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Ensuring your entire team has the necessary education and training to follow and understand oral cancer detection protocols can be crucial to effective patient care.
Imagine this: The doctor is doing his/her examination with a dental hygiene patient and discovers an area of concern while doing the oral cancer screening.
Questions begin to swirl in the patient’s head. The doctor answers the patient questions, then leaves the hygiene room. The hygienist answers additional questions before finally handing the patient over to the business team.
But the patient starts asking questions again-this time directed to the business team.
Does your business team have the education and training about oral cancer detection to answer the patient’s questions? Do they have the training that would give them clarity of verbal scripting needed to calm patient fears? Would the hygienist have to be called out from patient care to handle these additional questions?
Even with a clinical issue like oral cancer, training must include the doctor AND the entire dental team. Everyone must be involved out of necessity.
So, what about carrying out a clinical protocol? Who needs to be trained/educated in the office?
For the oral cancer office protocol, the business team must clearly understand “next steps,” so that they can re-appoint the patient effectively in two-to-three weeks for follow-up or ensure proper referral to a specialist, if needed. All team members should be able to explain the next steps to the patient.
For a referral, any team member (clinical or non-clinical) should be able to quickly, easily and accurately put together all necessary information that needs to be sent to the specialist as determined by the written protocol for oral cancer. There should be more than one person in the office that knows what to send.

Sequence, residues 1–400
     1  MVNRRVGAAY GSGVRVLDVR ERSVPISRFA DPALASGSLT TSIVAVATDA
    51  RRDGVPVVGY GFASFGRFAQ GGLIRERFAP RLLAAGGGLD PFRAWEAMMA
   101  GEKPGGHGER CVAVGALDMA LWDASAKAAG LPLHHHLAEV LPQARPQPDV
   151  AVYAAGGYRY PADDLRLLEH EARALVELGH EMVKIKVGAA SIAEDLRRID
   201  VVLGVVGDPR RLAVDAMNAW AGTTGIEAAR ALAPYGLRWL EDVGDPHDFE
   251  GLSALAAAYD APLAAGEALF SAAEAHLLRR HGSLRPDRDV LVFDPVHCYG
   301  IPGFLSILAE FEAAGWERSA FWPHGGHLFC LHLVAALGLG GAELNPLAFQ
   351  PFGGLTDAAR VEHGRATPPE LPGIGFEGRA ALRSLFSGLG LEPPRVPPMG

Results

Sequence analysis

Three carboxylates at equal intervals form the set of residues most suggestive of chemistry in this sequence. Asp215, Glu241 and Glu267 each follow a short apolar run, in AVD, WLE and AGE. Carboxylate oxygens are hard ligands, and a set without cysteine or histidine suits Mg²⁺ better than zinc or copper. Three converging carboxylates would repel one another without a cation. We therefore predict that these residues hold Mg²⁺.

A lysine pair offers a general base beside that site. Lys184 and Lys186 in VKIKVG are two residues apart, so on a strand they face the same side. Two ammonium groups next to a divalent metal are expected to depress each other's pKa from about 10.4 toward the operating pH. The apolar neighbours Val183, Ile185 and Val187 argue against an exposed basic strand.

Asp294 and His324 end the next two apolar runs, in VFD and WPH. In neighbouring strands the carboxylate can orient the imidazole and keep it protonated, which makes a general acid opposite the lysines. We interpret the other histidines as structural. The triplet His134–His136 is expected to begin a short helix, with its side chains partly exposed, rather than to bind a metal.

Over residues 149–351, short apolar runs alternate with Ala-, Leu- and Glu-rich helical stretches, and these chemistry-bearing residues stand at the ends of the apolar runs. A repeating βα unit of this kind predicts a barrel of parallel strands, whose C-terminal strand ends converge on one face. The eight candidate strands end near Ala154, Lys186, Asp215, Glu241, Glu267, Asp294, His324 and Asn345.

By training and educating the doctor and the entire team, everyone should be able to understand the return visit in two-to-three weeks and put together the necessary elements for referral to a specialist related to oral cancer concerns.
But let’s not forget the key role the dental assistant plays with oral cancer detection. The dental assistant should have all of the necessary tools to discuss patient concerns regarding a detected problem area after the oral cancer screening examination, if it happens when the assistant is involved with patient with oral cancer issues. The assistant needs to know and understand the written office protocol; i.e., the next steps for the patient after initial discovery of an area of concern or after a two-to-three week follow-up.
As you can see, the doctor, hygienist, dental assistant and the non-clinical team members must be equally educated, not only about the office’s commitment to early detection of oral cancer and clear patient communication but every step of the written office protocol for oral cancer. Including everyone in discussions and training about oral cancer is critical to a smoothly functioning office and, most importantly, effective patient care.
Take the time to ensure that you have an effectively written protocol for oral cancer and all other clinical protocols. Ensure your team has the necessary education and training to follow and understand the protocol, so that everyone can communicate consistently with patients and answer their questions and concerns. Your patients will thank you for it!